All the buzz about the parents' alleged peccadilloes would seem to have little direct bearing on the case, were it not for the sense some have that their "lifestyle" may have played a role in Danielle's disappearance. On the night Danielle was abducted, Brenda van Dam, 39, had been partying with friends until the wee hours of the morning at a local bar, Dad's Cafe and Steak House in Poway. Mrs. van Dam says she ran into Westerfield at the bar that night; Westerfield has told the local press that he danced with her while she insists he did not. In any case, sometime after Westerfield had left the bar, Mrs. van Dam returned with some friends to her house, where her husband, Damon, a 36-year-old engineer for cell-phone maker Qualcomm, had been taking care of Danielle and her two brothers, 5 and 9 years of age. The couple visited with the friends briefly and then went to sleep, without checking on the children.

By last weekend the case was becoming a major PR nightmare for the family. On Saturday morning the radio station's Web site was conducting an Internet poll, asking: "Now that you know about Danielle van Dam's parents' swinging lifestyle, should their other two children remain in the home?" Fraunces, the family's spokeswoman, stepped down, citing the need to spend more time with her own family; she was quickly replaced by Fleishman Hillard, one of the largest public-relations firms in the country. "I'm saddened that the focus of this story has moved away from finding Danielle," Brenda van Dam told NEWSWEEK Saturday afternoon. "We're not watching television, reading the newspapers or listening to the radio. We're just trying to remain strong, and trying to give our kids [the two boys] a sense of normalcy and a safe and secure environment in the middle of all this." Added her husband: "I don't care about what people are saying about us. I just care about finding our daughter." On Monday the family plans to announce a $25,000 reward for any information leading to Danielle's discovery--funds, according to their new publicist, drawn largely from the van Dams' own reserves.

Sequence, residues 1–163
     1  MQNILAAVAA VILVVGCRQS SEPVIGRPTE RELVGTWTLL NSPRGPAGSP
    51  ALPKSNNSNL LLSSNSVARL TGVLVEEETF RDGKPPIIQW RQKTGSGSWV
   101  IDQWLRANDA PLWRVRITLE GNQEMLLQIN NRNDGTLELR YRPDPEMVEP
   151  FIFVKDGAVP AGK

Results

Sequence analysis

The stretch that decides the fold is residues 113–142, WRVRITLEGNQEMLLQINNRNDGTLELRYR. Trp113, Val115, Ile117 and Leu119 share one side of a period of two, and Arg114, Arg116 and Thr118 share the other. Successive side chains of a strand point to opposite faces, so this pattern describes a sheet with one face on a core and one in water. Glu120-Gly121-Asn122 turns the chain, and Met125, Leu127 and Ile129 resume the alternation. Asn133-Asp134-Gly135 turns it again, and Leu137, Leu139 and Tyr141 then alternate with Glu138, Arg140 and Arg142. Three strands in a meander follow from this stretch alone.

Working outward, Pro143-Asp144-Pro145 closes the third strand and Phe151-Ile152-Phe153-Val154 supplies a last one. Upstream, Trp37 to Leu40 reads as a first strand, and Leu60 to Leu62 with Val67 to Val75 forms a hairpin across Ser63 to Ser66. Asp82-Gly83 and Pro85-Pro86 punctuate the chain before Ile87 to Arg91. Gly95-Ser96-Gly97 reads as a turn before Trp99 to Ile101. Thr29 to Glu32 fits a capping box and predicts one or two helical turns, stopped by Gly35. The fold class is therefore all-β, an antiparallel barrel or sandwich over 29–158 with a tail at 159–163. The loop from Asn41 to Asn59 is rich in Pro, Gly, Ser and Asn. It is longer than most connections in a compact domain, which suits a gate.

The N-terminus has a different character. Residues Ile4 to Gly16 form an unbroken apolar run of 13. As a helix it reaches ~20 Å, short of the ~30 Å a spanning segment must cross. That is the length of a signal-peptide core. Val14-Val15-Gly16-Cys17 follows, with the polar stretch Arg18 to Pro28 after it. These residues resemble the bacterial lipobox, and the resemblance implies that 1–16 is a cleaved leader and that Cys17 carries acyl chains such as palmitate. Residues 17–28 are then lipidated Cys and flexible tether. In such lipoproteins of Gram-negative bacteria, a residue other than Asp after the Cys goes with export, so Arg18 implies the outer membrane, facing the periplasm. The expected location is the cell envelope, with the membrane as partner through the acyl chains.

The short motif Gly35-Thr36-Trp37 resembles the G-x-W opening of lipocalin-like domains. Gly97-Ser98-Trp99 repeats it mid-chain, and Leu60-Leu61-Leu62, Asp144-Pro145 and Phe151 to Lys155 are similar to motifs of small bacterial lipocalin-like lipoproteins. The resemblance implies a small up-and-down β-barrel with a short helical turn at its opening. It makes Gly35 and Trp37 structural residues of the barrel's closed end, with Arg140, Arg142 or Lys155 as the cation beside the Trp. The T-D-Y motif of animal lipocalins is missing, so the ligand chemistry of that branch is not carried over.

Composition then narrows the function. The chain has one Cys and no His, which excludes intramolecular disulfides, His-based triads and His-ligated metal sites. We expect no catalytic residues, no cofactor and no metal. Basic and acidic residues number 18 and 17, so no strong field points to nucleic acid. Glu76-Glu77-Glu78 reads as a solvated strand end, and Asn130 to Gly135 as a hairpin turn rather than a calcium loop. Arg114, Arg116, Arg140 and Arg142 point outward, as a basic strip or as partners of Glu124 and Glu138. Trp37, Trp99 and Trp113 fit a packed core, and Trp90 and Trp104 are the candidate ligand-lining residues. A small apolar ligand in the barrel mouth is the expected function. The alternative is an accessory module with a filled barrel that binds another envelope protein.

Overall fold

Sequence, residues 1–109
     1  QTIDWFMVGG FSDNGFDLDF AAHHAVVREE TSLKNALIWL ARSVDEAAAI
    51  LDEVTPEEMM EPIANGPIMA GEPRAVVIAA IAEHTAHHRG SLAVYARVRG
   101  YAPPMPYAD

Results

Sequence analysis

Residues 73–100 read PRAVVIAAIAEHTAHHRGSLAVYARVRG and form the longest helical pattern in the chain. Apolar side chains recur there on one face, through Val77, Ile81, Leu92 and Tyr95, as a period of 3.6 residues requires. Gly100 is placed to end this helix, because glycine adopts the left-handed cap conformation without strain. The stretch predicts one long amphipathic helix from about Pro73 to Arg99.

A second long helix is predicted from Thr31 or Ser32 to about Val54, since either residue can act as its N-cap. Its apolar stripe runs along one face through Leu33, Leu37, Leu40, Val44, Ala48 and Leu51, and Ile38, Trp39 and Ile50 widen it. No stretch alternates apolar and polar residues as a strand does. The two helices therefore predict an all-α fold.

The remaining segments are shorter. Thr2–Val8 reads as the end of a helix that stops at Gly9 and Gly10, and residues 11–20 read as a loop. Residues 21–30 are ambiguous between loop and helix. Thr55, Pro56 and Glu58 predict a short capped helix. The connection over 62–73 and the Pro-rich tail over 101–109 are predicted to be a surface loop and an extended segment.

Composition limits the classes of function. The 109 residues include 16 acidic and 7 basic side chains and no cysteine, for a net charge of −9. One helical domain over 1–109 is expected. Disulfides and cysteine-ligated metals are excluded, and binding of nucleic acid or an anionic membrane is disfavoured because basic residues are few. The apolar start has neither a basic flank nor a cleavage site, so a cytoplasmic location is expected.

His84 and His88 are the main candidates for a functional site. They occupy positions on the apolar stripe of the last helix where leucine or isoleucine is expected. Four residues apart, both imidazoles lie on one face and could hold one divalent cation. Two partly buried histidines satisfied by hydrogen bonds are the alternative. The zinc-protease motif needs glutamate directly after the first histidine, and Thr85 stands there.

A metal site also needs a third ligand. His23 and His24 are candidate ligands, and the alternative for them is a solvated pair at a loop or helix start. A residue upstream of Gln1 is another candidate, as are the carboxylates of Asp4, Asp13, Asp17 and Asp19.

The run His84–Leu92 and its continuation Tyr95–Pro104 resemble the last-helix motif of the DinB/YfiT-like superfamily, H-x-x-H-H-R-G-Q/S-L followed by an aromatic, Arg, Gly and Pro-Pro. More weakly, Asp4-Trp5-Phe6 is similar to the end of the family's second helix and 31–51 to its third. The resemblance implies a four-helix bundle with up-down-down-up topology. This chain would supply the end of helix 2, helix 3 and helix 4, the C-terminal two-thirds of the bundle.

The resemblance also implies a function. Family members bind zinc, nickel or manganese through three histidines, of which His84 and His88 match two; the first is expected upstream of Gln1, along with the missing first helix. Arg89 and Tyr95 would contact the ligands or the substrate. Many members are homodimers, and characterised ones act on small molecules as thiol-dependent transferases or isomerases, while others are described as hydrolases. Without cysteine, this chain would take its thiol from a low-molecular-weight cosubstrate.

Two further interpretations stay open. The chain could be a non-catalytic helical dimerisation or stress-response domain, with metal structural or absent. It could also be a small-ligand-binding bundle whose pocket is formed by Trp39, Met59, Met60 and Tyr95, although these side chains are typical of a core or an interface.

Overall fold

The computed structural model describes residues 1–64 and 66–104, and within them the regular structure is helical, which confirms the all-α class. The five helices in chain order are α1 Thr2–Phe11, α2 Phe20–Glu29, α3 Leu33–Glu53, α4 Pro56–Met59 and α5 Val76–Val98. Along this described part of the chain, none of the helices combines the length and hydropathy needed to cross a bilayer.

As the van Dams were left to ponder how their family tragedy had turned into a mudslide, local families were trying to sort out for themselves what all the chatter might mean. "I don't believe that the van Dams are practicing Christians, but I don't believe they're evil, either. I think they're maybe a little worldly," said Jerry Miller, one of 50 volunteers manning the phones last weekend in a hotel conference room not far from the family's home in Sabre Springs that has become the "Danielle van Dam Recovery Center." She added, "You have to understand, this is a bedroom community here in Sabre Springs. People feel it's safe to raise your children. We've never had anything like this happen before, and we hardly know what to do about it." An Internet posting on one San Diego news site devoted to the disappearance seemed to provide at least some explanation: "In reality what we are doing is trying to reassure ourselves that 'nothing this horrible could ever happen to me, because I never would have behaved that way.' It protects us from having to face the dreadful truth that the most heinous of things sometimes happen to good and innocent people. People like us." And people like Danielle van Dam.